Australia

Cheer cheese selling for $17 at Aussie supermarkets amid cost of living increases

A pack of 36 cheese slices was recently sold at $17 in an Australian supermarket. It is a sign that families are feeling the pinch of rising living costs ahead of Christmas.

As seen in the photo shared by Jacqui Felgate, a former Seven News presenter, the 750g family pack of Cheer cheese slices was priced at $17.55.

“Is this how much cheese now?” She wrote.

Although it is not clear where the slices were sold by Coles, Coles sold the same Cheer milk product for $17.55 in November.

Its website now displays that the price of the product has been reduced to $14.00

The Cheer cheese slices family pack, 750 grams, was advertised with a $17.55 cost tag. Jacqui Fletcher, former Seven News presenter, shared the photo.

Woolworths sells the Cheer 36-slice package for $14.00, but Aldi does not.

Many of Ms. Felgate’s supporters said that they had seen the prices for dairy products rise in recent months. Others pointed out the difficulties farmers are facing.

One shopper claimed they saw a Devondale Tasty 625g cheese block for $11.

One stated that the dairy farm was a dying industry because most farmers love their animals. However, they are never paid a fair price for their milk.

“Our grocery bills have increased by at most 30% in the last 2 years. This isn’t the best of times. It can be exhausting to have to re-budget every day,’ stated another.

A third said that “And this is why nobody can afford life anymore, interest rates rises, groceries, are a joke,”

Cheer cheese, previously known as Coon, saw a significant drop in sales following its rebrand. In November, 75 employees were let go.

In July 2021, the then 90-year-old Australian Coon cheese brand changed its name to Cheer after a campaign saying the old name was racist, as the word ‘coon’ is a slur against people of colour.

Saputo, a cheesemaker who makes cheddar cheese, has maintained that the cheese was named after Edward Coon, an American cheesemaker. 

In July 2021, The Then 90-Year-Old Australian Coon Cheese Brand Changed Its Name To Cheer After A Campaign Saying The Old Name Was Racist, As The Word 'Coon' Is A Slur Against People Of Colour

After a campaign claiming that the Australian Coon cheese brand, then 90 years old, was racist, Cheer was adopted. The word “coon” is a slur that discriminates against people of color.

It is unclear if the name change from Coon to Cheer contributed to the decline in sales or if consumers simply switched to cheaper products due to rising prices.

Leanne Cutts, the chief operating officer of the company said that it was a difficult decision for them to let go of their staff.

“Today’s announcement continues the journey towards long-term success in Australia for our business by increasing efficiency and productivity and making our business more competive,” she stated.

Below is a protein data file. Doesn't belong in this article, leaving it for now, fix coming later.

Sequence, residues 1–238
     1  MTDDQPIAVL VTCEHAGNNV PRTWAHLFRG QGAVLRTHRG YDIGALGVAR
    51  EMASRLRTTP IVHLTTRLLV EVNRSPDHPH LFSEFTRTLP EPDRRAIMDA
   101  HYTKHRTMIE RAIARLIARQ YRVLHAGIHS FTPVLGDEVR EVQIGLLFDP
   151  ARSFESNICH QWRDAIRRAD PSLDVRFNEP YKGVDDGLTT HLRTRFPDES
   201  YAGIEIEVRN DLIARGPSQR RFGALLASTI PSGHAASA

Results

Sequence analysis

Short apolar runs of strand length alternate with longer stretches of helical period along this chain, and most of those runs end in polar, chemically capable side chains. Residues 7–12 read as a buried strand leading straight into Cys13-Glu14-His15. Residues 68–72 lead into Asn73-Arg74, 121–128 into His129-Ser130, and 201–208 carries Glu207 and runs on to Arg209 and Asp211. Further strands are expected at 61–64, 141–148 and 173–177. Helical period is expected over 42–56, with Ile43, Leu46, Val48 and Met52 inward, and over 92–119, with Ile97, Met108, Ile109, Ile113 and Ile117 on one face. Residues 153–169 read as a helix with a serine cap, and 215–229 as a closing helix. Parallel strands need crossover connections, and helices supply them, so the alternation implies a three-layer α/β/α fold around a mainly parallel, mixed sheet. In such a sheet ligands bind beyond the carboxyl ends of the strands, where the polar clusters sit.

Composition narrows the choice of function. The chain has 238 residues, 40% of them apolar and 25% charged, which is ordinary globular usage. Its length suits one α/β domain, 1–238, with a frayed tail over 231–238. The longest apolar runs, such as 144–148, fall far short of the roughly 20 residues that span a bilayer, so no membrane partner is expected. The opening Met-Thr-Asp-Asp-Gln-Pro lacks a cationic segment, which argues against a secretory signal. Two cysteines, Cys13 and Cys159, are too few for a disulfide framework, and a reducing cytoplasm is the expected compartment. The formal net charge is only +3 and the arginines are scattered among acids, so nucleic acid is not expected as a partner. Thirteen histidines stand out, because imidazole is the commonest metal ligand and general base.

Site management will work closely to the affected employees at three affected sites to discuss redeployment or retraining options.

“Where alternatives roles are not available, these employees receive severance support and outplacement support.”

Australians Are Feeling The Pinch In The Rise In The Cost Of Living As Supermarket Prices Climb

The cost of living is rising and Australians are feeling the pinch.

According to a Salvation Army survey about three quarters (75%) of Australian families struggling financially are now worried that they won’t have enough money to buy Christmas gifts for their kids.

The charity’s Major Bruce Harmer said 77 per cent of those surveyed said they would struggle to afford enough food for the holiday this year. 

He said, “We are deeply concerned to learn about the agonizing choices every-day Australians make, such as deciding whether or not to pay their electricity bill or buy a Christmas gift for their child.” Nine News.

More than 82% were worried that they wouldn’t have enough money to buy gifts for their loved ones by December 25.

Major Harmer stated, “Others are choosing no food or medication to ensure their children get food on the table.”

“The guilt and emotional toll that comes with not being able provide for their family’s basic needs are the real, but often hidden costs of financial hardship.”

It comes after Metcash, Australia’s largest wholesale food distributor, warned food costs jumped by 8.8 per cent in November alone. 

It Comes After Metcash, Australia'S Largest Wholesale Food Distributor, Warned Food Costs Jumped By 8.8 Per Cent In November Alone

It comes after Metcash Australia’s largest wholesale distributor of food, warned that food prices jumped 8.8% in November alone

The wholesaler, which supplies products to supermarkets including IGA and Foodland, reported an 8.2 per cent rise in sales in the first half of the 2022/2023 financial year as net profits fell by 2.4 per cent – which the company attributes to rising costs. 

The inflation report showed that wholesale prices for food increased rapidly from 4.9 to 7.4 percent during the first quarter, to 7.4 percent during the second.

Prices rose 8.4% in October. Then, they accelerated by 8.8% the next month.

Metcash’s figures do not include wholesale prices of fresh tobacco or fresh produce.

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Jacky

The author of what'snew2day.com is dedicated to keeping you up-to-date on the latest news and information.

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